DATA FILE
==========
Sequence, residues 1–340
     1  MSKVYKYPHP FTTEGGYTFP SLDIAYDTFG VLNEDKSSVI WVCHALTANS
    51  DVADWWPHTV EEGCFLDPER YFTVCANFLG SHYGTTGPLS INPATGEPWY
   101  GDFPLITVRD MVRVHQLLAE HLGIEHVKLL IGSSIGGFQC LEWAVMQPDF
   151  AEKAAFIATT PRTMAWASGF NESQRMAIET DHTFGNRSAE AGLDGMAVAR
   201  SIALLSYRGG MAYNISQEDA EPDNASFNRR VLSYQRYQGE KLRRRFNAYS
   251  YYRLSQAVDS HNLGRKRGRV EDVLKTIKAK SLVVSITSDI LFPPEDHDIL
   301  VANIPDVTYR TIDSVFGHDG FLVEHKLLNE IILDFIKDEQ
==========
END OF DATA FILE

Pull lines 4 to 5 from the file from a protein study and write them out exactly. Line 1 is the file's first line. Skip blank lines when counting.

   101  GDFPLITVRD MVRVHQLLAE HLGIEHVKLL IGSSIGGFQC LEWAVMQPDF
   151  AEKAAFIATT PRTMAWASGF NESQRMAIET DHTFGNRSAE AGLDGMAVAR